Samhain Meditation 1: Crow’s Arch

Close your eyes. Take a deep breath. Feel the firmness of the chair that you are in. Feel it hold your body. Breathe deep again, and let your body relax. Let your mind drift, floating in the darkness.

You begin to see stars form in the darkness, small pinpricks of light that seem to be moving way from you, as if you were watching the sky on fast forward. Soon, the moon rises, and you see that you are sitting on a rock in the middle of the crossroads in the midst of a vast plain.

When you stand up from the rock, a bird swoops down and lands in front of you. It is Crow, who says,

“I have come to guide you. Follow me!”

He cocks his head to look at you, and then flies off. You follow.

After following Crow for awhile, you see two orange specks of light in the darkness. As you come closer, you realize that they are two torches on either side of a large arch. The arch looks empty, but when you stand in front of it, you can hear voices from the other side as if they are coming from a closed room. You ask Crow about the arch, and he tells you, as he lands on top of it, that it is the Gateway of the Dead.

He tells you: “I will fetch one of your Ancestors for you, but there must be payment! What shiny thing will you give me?”

You look around, but you are dressed plainly and you have nothing on you to give to the Crow. The Crow begins to caw, which sounds a lot like laughter.

“I do not want jewels, silly human! I want the one thing about yourself that you want to give up. It will be as tasty as carrion!” He flies down from his perch on the arch to land in front of you, dancing a little in anticipation.

You look inside yourself for a part of yourself that you wish to give up: a bad habit, self-doubt, fear about a certain thing, something that’s blocking your creativity, PTSD, or any other thing you feel you can give up. You remember to be specific about what it is so that you don’t damage what’s left of you. You hold out your hands and imagine it as a physical presence. When you finish manifesting it, you offer it to Crow, who takes it and gobbles it up with a satisfying “caw!”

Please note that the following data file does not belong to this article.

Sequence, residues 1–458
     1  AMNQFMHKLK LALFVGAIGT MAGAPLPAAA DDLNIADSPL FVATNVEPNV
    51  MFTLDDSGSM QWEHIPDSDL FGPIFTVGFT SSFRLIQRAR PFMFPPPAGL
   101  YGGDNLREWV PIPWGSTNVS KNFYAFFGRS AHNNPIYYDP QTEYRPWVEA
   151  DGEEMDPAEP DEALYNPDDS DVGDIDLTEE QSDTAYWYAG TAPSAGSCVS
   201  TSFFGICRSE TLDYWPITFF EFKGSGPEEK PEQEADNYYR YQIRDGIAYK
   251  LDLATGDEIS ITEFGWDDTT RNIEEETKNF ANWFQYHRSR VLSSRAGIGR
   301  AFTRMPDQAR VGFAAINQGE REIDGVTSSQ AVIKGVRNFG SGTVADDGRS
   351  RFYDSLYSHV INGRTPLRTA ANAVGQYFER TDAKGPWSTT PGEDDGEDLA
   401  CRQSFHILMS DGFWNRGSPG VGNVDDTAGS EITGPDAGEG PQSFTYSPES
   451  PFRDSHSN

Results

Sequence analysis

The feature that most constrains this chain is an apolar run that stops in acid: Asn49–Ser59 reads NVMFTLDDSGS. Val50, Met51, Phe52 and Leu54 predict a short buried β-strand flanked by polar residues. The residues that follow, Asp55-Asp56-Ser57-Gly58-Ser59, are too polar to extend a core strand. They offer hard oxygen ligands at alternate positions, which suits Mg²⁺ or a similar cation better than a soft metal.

“Wait here!” the Crow says, and he flies through the arch. As you wait for his return, you notice that there are stones close to the circle of light that are just right for sitting on. Eventually you see a vaguely human shape emerging from the arch. It starts to walk towards you, and as it does, it solidifies into one of your Beloved Dead. The Crow follows after they manifest and resumes his perch on top of the arch.

You invite this person to sit with you on the stones and you begin to talk.

(…)

After you two talk for awhile, Crow comes down off the arch to where you two are sitting and says to your Beloved Dead, “It is time.” You ask them for any last messages, hug them, and they follow Crow back to the arch. Crow perches on their shoulder as they walk back through the arch. Once they are fully through, you start walking back to the crossroads.

As you reach the crossroads, you hear the beat of wings, and Crow lands on the rock. He says, “I have one last message for you…” and he gives it to you. (…) You thank him, and he flies away with a caw.

You sit on the rock again, take a deep breath, and return to floating in the darkness. And when you are ready, you return to the present, to this room and open your eyes.

2nd Week of Lent: Pantheacon and What I’m Doing This For

I’ve tried to start this a couple of times because, well, Pantheacon is always hard to sum up in the week after and 2016 is no exception. In short, it was a really good convention all the way around. Time seemed to warp around the con and this week it’s been really difficult to get back into “normal” time. I know next week things will settle down, especially after I catch up on my sleep debt.

The big things:

  • My coven is super awesome, and I’m excited we’ll be adding more awesome people to our little family of weirdos.
  • “Crossroads of Memory” kicked some serious ass, and CAYA Coven was awesome! Hopefully we’ll be able to collaborate again! (Dobby is a free elf!)